The origins of openness
It’s not an accident that this openness emerged on the web platform.
Since the beginning of personal computing, there’s been a philosophical tradition that encourages using computers as an interactive medium where people contribute their own ideas and build their own tools—authorship over consumption. This idea is reflected in systems like Smalltalk, Hypercard, and more recently, Dynamicland.
When Tim Berners-Lee created the World Wide Web, he imagined it fitting into this tradition. “My vision was a system in which sharing what you knew or thought should be as easy as learning what someone else knew.”2 There were some hiccups along the way3, but eventually that vision largely won out, and the Web became a place where anyone can publish their opinions or photos through social media platforms.
Still, there’s a catch. When you’re using Facebook, you’re operating within a confined experience. You’re forced to publish in a certain format, and to use their app in a certain way (that includes, of course, seeing all the ads). There’s more room for authorship than just browsing a news website, but only within the strict lines the app has painted for you.
Browser extensions offer a deeper type of control. Instead of merely typing into the provided text box, we can color outside the lines and deeply modify the way we use any application on the web. Browser extensions offer a kind of decentralization: large companies building major websites don’t get to dictate all the details of our experience.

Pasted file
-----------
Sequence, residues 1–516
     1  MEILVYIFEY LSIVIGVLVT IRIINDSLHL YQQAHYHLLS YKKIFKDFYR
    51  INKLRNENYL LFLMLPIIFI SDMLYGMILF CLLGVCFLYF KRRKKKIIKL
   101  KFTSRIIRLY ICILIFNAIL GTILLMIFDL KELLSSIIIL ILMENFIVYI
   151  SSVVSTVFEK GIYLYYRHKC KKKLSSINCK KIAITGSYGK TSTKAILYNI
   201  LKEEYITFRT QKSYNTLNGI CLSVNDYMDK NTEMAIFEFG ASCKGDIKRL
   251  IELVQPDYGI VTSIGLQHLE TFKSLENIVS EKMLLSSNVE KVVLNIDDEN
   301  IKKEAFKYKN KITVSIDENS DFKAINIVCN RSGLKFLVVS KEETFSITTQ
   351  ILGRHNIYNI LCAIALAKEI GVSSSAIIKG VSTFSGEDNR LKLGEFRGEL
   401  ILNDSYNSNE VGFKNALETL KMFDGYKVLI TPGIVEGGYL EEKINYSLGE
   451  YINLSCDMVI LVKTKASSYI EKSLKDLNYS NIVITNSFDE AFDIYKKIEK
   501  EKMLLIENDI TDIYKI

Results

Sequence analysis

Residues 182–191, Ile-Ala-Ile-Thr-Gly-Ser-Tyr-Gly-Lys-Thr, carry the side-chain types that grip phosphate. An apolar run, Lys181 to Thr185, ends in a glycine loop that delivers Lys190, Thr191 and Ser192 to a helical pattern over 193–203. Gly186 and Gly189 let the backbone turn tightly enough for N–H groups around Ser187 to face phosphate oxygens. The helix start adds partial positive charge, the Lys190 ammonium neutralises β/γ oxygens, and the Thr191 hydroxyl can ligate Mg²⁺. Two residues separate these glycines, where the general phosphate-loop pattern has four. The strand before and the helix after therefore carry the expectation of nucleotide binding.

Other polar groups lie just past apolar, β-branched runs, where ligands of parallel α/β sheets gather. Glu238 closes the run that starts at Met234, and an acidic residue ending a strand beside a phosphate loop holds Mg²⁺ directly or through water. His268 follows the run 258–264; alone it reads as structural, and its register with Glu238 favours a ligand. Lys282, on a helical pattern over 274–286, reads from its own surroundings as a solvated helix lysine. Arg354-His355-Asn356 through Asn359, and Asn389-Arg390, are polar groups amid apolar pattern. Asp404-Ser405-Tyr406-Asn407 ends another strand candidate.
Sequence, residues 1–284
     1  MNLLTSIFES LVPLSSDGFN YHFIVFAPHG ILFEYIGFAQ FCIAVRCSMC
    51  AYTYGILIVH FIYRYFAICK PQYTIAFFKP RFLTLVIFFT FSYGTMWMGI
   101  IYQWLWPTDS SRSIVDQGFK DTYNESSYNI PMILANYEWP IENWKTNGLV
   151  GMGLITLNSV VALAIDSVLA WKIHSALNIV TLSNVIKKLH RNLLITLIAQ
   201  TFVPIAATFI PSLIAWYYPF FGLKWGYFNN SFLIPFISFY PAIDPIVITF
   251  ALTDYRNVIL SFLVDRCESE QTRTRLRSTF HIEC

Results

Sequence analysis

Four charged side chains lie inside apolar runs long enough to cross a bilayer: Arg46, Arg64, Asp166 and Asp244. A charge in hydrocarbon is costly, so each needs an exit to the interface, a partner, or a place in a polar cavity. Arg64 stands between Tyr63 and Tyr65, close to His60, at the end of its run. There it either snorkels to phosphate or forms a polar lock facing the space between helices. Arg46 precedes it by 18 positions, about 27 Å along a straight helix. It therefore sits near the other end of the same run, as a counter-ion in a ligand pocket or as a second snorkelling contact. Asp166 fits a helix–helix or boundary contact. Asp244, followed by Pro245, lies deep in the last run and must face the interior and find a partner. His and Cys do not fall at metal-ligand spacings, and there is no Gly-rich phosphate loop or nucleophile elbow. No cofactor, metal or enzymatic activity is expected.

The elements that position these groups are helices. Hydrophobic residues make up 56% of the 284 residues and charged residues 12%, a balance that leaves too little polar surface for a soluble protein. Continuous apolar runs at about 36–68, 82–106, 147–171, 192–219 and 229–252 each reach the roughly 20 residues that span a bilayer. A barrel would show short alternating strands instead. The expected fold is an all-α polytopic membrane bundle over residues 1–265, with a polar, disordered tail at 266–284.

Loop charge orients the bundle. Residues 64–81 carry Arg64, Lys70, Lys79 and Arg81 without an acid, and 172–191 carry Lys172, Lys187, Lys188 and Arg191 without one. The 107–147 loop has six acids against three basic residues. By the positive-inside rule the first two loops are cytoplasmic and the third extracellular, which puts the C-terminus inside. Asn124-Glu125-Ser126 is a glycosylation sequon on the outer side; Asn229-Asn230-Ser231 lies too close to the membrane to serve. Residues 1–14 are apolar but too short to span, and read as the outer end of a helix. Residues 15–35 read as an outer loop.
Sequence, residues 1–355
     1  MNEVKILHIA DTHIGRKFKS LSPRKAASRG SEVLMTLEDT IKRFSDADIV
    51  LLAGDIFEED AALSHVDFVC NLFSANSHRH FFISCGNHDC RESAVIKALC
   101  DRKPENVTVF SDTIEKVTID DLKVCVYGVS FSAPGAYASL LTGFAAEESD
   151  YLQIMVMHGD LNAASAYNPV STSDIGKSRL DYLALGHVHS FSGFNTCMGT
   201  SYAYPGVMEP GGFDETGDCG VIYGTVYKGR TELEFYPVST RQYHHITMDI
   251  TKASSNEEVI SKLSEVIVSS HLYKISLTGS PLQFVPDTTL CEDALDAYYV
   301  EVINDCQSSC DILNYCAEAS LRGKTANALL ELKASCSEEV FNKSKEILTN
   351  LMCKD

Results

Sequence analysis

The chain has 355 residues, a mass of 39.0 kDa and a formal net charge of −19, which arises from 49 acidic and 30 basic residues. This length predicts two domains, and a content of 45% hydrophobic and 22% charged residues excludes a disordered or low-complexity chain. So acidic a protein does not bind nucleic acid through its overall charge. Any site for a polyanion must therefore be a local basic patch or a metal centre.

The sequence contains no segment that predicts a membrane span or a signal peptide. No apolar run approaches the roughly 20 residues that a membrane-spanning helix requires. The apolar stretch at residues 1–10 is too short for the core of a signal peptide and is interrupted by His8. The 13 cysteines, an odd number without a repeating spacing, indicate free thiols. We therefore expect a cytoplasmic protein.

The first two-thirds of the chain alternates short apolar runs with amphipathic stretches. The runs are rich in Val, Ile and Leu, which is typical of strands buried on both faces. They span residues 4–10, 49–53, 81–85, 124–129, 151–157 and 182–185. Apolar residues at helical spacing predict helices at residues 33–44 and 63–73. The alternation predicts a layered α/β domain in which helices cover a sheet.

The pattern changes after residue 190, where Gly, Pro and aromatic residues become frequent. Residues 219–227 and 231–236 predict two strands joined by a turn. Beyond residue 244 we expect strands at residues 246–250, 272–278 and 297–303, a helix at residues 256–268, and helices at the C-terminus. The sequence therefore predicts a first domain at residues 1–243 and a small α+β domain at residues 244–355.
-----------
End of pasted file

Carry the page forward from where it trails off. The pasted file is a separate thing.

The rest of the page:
Improving on extensions
We clearly need to work on protecting people from malicious extensions that invade their privacy. But beyond that, here are some bigger picture opportunities I see for improving on extensions:
Accessibility: Today, it requires a big jump to go from using browser extensions to creating them: you need to learn a fair amount of web development to get started, and you can’t easily develop extensions in the browser itself. What if there were a quick way to get started developing and sharing extensions in the browser? You could imagine smoothly transitioning from editing a website in the developer tools to publishing a small extension.
Compatibility: Because extensions hook into websites in unsupported ways, updates to websites often result in extensions temporarily breaking, and extension authors scrambling to fix them. Can we make it easier for website developers and extension authors to form stable connections between their software, without necessarily resorting to using explicit extension APIs?